Understanding the meaning of words, especially task words, helps you to know exactly what is being asked of you.
It takes you half way towards narrowing down your material and selecting your answer.
For you to have a clue on what exactly are they, here is a list of the most common contrast and compare transition words and phrases that are used in everyday writing and speech. Contrast 3: I want to buy an ice cream; unfortunately, my mother does not want me to buy one. Comparison 3: I eat ice cream slowly; similarly, I eat cotton candies slowly, too.
Contrast 1: I want to buy an ice cream, but my mother does not want me to buy one. Comparison 1: I eat ice cream slowly, in the same way I eat cotton candies. The examples above demonstrate how to use both type of transition words.
They strengthen the flow of ideas from one sentence to the other, from one paragraph to the next, and from one section of the essay to the other.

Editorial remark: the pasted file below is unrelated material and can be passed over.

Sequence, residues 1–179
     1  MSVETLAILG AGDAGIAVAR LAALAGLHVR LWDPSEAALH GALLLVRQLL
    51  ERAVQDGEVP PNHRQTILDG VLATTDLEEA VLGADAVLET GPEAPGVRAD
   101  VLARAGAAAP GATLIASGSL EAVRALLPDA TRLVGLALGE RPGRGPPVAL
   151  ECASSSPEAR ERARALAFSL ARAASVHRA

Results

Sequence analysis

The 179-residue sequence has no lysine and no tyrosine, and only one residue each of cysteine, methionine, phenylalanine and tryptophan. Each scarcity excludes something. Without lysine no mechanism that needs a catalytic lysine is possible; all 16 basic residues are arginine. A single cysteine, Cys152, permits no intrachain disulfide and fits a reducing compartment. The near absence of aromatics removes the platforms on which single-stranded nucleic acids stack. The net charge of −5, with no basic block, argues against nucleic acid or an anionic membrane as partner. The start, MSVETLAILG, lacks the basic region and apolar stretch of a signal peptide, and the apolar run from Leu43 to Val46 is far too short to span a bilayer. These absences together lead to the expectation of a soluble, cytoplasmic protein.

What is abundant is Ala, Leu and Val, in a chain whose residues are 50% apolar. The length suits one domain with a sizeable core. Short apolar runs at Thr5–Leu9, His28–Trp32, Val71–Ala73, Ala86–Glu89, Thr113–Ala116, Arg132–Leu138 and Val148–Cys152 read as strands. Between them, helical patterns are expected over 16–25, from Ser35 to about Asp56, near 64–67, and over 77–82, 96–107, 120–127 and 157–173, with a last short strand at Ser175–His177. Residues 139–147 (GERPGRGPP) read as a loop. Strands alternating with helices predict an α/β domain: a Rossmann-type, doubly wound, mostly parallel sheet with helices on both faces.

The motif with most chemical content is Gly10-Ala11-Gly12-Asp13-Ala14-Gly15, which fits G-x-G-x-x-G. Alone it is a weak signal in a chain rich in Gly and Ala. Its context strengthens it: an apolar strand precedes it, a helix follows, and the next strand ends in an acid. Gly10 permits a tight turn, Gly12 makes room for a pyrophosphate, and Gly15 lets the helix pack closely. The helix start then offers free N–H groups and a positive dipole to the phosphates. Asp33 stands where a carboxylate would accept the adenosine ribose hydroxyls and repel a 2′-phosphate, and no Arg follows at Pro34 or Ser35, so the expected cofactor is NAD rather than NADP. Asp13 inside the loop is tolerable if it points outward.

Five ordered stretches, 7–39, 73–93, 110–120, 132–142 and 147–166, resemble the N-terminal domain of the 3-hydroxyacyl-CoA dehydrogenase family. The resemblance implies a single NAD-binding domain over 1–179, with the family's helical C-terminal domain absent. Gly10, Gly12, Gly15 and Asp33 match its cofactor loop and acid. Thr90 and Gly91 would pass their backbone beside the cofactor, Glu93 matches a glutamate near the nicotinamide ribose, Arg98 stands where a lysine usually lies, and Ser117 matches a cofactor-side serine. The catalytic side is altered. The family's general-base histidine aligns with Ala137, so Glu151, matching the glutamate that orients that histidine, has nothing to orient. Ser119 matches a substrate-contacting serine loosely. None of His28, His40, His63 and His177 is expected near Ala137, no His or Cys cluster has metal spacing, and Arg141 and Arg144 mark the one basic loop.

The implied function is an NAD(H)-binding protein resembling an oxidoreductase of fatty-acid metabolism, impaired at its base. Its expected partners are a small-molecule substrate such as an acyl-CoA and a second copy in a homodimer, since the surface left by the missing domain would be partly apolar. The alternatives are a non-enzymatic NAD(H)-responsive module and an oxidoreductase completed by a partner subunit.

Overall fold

Below is a list of the most commonly used conclusion transition words: Used anywhere in an essay, these words or phrases allow the writer to establish clear connections between ideas and provides the readers with something they can relate to and feel a strong connection with.
In addition, they allow the readers to transition from one topic or point to another.
They enhance the understandability and logical organization of an article by helping the readers know the relationship of the previous and following sentence and/or paragraph in the paper they are reading.
For example, an essay that asks you to describe a topic is very different to an essay that asks you analyse a topic.
Use this table to help you analyse the instructional words in your essay questions.